Sometimes in a busy, high-content media driven world, it’s easy to forget that Roland wasn’t just a racing driver – he was a person. Quiet and unassuming, Ratzenberger was a modern gentleman driver, although he was not backed by hoards of cash and sponsorship. Partnerships with ATS tyres, Barbara Behlau and other small entities during his career pushed him along and he worked hard to achieve some fairly commendable results.

By all accounts, Roland was warm, enthusiastic, intelligent and immensely popular; he was more a person than a racing driver and was most definitely not a corporate body that compete in the series today. He had achieved his dream of getting to Formula 1 and was tragically killed before he could fully reap the rewards.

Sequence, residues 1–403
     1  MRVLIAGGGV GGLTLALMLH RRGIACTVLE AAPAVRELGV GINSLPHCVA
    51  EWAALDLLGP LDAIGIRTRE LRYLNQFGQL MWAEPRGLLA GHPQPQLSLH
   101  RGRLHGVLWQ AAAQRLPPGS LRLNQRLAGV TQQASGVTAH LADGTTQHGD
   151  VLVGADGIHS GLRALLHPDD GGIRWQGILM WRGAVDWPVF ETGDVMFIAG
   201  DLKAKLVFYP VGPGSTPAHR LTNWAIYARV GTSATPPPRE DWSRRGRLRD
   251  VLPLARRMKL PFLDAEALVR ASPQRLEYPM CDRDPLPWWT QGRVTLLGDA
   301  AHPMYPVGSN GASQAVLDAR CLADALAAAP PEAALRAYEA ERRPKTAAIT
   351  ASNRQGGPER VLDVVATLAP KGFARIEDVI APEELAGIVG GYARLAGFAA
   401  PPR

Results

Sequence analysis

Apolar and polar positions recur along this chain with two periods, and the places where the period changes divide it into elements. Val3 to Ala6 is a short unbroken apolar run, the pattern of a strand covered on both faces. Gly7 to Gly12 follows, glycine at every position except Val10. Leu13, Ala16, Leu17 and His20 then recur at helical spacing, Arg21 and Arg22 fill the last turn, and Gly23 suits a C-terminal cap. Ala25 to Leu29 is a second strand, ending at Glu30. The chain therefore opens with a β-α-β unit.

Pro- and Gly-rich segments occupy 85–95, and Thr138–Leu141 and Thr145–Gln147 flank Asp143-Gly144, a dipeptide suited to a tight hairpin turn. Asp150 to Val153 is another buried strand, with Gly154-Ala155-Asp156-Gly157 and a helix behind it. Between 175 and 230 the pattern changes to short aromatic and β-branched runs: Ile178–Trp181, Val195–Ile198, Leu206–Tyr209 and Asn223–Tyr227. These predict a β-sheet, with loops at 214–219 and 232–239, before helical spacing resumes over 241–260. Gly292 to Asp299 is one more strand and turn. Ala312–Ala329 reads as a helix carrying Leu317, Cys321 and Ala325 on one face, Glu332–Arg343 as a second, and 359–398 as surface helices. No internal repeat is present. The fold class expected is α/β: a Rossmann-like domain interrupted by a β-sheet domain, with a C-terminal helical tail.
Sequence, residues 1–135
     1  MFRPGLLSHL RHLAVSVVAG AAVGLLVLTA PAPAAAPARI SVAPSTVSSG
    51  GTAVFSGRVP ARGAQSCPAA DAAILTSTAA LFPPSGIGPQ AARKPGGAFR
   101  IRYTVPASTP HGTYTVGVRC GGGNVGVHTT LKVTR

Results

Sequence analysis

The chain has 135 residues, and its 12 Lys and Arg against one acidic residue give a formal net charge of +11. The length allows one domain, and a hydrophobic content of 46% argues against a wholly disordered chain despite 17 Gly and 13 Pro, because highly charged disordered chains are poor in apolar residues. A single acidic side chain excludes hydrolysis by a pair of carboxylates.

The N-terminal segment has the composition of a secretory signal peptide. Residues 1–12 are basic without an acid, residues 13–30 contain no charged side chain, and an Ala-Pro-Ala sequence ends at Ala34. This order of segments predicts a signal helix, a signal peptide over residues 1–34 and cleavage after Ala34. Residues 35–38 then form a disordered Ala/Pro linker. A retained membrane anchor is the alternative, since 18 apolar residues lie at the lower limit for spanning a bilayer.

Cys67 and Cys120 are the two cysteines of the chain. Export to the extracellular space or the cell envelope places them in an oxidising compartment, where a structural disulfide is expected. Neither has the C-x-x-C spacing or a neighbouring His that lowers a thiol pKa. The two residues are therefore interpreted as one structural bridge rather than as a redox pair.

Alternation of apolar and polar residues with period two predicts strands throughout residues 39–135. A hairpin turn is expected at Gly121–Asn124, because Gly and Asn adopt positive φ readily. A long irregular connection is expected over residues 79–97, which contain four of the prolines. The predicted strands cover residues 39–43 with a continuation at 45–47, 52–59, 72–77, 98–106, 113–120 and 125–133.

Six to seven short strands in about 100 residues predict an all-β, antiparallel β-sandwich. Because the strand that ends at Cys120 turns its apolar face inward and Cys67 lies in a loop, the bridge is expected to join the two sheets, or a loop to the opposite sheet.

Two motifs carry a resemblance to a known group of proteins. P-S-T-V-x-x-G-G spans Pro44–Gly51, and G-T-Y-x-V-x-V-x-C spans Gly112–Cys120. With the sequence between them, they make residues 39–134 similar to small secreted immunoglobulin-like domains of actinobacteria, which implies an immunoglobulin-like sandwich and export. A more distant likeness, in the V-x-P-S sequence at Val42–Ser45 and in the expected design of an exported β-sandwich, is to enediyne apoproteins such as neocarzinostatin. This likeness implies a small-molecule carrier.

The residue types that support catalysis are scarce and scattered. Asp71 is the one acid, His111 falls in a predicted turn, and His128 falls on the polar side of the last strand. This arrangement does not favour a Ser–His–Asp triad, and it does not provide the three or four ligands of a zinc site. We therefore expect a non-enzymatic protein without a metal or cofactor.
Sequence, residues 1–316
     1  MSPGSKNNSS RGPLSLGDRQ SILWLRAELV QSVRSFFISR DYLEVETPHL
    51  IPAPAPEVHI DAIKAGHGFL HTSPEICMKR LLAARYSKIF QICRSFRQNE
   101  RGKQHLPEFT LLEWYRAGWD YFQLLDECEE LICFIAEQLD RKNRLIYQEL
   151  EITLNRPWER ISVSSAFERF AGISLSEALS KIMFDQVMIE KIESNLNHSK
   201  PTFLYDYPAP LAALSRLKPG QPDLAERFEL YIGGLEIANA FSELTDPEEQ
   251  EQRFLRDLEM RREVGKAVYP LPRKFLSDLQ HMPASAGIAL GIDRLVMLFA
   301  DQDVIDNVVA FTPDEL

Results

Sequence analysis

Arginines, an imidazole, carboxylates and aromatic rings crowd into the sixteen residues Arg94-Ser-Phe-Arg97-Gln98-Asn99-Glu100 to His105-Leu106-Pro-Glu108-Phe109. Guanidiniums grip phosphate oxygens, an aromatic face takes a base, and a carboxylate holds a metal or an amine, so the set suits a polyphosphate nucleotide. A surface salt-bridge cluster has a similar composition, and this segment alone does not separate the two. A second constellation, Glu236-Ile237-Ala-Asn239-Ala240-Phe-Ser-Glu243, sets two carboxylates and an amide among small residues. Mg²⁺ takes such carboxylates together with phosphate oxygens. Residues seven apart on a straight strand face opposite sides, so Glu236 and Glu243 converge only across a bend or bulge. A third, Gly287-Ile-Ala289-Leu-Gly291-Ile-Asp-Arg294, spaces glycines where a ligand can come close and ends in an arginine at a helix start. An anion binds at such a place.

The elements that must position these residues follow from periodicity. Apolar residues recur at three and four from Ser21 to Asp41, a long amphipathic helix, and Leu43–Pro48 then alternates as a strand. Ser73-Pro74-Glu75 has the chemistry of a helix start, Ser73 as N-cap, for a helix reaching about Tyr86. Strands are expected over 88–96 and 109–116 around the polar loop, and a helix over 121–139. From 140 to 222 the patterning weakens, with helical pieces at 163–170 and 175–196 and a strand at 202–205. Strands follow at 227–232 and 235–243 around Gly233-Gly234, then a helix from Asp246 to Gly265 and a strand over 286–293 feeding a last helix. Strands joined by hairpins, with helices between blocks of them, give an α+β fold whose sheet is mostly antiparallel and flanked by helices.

Roland would have been 50 today.

  • really, really well written post leigh. thank you.

  • really, really well written post leigh. thank you.

    Happy to oblige. Every one wrote something about Senna's 50th birthday a few months and I felt someone needed to write something for Roland.

  • Every one wrote something about Senna's 50th birthday a few months and I felt someone needed to write something for Roland.

    i had no idea, and it is a perfect piece.

  • i had no idea, and it is a perfect piece.


    What I found odd when I was researching the finer details is how eerily similar Wirth's situation at Simtek was, compared to how he re-entered F1 with Virgin now - not forgetting Glock's rather scary front wing failure in testing in February.

  • The italic bit didn't become a sidebar thingy.

    Roland's death will not be forgotten. Many forget that it was Roland's death, not Ayrton's, that triggered the revival of the GPDA. Ayrton was the initial director, but he only had the role for less than a day.